|Freeman, Thomas - NORTH DAKOTA STATE UNIV|
Submitted to: Abstracts 2000 Annual Meeting of Entomological Society Of America
Publication Type: Abstract Only
Publication Acceptance Date: December 12, 2000
Publication Date: N/A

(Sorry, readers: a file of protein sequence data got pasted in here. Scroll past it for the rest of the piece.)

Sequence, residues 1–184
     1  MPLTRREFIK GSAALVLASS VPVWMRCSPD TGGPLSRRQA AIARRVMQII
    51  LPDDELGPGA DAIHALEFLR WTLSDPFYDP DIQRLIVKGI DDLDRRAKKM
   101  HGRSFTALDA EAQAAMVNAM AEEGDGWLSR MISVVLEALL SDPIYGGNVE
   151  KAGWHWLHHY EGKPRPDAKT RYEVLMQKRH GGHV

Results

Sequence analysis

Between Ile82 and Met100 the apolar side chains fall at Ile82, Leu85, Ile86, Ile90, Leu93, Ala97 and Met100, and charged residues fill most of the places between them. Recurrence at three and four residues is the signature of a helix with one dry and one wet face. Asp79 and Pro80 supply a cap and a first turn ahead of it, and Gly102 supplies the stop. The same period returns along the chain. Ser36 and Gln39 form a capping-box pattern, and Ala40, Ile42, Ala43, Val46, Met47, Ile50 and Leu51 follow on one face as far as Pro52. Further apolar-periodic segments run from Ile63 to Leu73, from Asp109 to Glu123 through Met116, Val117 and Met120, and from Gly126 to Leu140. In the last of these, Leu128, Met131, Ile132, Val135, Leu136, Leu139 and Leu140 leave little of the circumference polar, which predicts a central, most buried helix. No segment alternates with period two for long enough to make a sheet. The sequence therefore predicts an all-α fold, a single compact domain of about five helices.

Technical Abstract: The silverleaf whitefly, Bemisia argentifolii, and its predator, a dustywing, Semidalis flinti, cover themselves with the waxy particles which cover all parts of the insect except the eyes. Whitefly adults produce strands of a waxy material from abdominal wax plates, composed completely of many individual wax pores. As the waxy strands are extruded, they curl, and are then periodically broken off by the tibia forming semicircular waxy particles about 1 micrometer in diameter. These particles are a mixture of long-chain aldehydes and alcohols of 30 to 34 carbons depending on the whitefly species. Dustywings, a whitefly predator, have numerous individual rosette- shaped wax pores, located around their entire body, but largely on the abdomen. Each pore produces two waxy ribbons with fluted edges. Each waxy ribbon curls back on itself to form circle approximately one micrometer in diameter. These circular portion of the waxy ribbon breaks free to form the circular waxy particles. These particles consisted largely of a 24-carbon fatty acid, tetracosanoic acid, some methyl- branched hydrocarbons, other fatty acids, and fatty alcohols.